The good people at Logos gave me access to V. 11 of The Aramaic Bible, published originally by The Liturgical Press (Collegeville, 1987) in nineteen volumes. This one is The Isaiah Targum: Introduction, Translation, Apparatus and Notes by Bruce D. Chilton. Here are some of my reflections on using this volume within Logos.
(1) The book itself contains (as the title notes) an introduction to Targum Isaiah, the translation itself, and an apparatus with notes. In the Logos version everything is hyperlinked in the Table of Contents for easy access. Of course, being part of the program makes it searchable in a way foreign to the hardback print version. The introduction by Chilton discusses the theology, emphasis, formation, and importance of the Targums. It includes a list of early citations, as well as one of other editions and translations, finally a description of the format of this volume.
(2) Readers are provided with an extensive bibliography, a list of abbreviations, and a glossary.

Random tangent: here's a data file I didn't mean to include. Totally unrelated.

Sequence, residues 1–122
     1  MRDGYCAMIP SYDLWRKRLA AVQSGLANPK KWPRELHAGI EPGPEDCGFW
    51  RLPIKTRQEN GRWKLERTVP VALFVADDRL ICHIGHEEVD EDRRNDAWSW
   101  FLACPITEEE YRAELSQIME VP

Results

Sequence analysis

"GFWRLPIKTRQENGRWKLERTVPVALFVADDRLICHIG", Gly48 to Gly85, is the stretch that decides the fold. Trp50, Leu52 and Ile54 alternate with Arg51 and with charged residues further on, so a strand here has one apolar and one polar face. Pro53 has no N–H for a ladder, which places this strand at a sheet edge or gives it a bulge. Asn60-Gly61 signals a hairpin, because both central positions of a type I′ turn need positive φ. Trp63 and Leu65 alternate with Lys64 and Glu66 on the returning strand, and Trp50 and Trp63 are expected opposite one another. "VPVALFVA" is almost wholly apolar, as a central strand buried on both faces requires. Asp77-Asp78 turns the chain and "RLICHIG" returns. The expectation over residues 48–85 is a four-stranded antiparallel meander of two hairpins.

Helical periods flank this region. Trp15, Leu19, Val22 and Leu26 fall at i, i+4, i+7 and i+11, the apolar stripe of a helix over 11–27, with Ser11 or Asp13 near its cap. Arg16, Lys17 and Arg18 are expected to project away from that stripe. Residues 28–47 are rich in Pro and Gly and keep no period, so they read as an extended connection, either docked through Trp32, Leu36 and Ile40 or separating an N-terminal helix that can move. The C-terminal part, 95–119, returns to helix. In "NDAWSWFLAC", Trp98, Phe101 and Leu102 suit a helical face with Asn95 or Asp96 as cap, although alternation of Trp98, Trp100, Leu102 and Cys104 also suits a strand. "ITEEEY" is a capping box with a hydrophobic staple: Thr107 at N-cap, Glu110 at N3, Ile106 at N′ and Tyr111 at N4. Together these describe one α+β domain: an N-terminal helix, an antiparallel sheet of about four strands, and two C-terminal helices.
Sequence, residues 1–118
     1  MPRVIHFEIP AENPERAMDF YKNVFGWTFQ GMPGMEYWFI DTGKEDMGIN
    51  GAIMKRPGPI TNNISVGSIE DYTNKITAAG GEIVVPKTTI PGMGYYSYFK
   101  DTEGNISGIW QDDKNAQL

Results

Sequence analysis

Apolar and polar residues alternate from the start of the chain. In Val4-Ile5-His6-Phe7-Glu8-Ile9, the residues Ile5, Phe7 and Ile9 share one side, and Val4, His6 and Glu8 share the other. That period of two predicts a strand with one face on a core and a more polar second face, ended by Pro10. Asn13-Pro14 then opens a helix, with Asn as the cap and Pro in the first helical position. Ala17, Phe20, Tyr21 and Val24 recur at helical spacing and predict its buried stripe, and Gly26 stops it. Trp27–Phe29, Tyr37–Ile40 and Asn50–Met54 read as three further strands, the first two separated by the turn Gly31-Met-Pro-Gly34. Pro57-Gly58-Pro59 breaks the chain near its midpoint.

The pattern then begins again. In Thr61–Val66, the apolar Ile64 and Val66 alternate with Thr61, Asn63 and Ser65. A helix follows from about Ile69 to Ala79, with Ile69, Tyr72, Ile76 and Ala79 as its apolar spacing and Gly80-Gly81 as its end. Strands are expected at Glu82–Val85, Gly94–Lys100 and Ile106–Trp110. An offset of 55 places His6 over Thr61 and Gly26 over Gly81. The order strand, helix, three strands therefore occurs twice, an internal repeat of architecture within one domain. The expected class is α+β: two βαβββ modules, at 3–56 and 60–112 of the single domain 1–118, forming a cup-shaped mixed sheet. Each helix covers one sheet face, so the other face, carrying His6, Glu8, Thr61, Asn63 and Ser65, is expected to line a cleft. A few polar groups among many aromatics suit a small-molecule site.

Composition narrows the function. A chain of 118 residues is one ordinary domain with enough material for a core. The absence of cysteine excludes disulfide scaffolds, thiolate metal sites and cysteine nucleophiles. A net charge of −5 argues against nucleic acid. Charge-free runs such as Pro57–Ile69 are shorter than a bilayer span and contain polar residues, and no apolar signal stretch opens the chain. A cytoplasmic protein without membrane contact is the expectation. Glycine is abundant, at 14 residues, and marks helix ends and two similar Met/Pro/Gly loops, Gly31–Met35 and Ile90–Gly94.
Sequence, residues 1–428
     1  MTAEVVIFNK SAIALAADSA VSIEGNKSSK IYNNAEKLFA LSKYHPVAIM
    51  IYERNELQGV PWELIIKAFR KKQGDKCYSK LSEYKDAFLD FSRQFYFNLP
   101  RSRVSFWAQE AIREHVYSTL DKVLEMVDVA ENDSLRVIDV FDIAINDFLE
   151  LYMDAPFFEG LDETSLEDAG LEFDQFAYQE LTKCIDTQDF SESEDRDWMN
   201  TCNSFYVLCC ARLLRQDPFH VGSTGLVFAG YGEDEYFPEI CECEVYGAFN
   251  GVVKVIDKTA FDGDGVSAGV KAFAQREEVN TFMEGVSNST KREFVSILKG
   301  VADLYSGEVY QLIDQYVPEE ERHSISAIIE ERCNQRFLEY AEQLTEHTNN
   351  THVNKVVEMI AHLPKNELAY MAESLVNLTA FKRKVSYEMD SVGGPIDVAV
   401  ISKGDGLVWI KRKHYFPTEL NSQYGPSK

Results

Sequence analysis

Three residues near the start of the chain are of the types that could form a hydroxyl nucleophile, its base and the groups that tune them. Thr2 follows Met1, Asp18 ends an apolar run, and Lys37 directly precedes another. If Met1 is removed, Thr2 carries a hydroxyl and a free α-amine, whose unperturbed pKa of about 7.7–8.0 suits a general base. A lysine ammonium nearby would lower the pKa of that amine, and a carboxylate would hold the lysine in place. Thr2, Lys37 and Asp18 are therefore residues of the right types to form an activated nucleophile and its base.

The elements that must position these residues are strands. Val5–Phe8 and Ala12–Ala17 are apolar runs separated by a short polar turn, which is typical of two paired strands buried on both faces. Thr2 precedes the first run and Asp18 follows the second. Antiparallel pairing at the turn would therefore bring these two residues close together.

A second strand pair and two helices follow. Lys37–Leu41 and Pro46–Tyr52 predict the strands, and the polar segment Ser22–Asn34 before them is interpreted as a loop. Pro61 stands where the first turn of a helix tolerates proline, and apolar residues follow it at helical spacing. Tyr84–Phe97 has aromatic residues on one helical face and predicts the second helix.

(3) The indices list primary sources, secondary contributions, and Targumic subjects.
(4) The translation puts the Targumic distinctions from the MT into italics so it is easy to see what makes the Targumic tradition unique, e.g.,
(5) Although one could do this with two hardbacks, it is nice to be able to open dual windows to have Isaiah right next to the Targum.
(6) Little asterisks * mark the notes. When clicked the commentary appears in a pop-up window, e.g.,
(7) I don't see an Aramaic text edition of Targum Isaiah in Logos' product catalog. I may be overlooking it. If they do have it, or if they make it available, it would be a nice pairing.
Overall, for students of early Judaism and even early Christianity (since many scholars do argue that something like the traditions we see emerging in the Targums reflect earlier oral traditions likely known at the time of Jesus) this is a nice addition to your Logos library.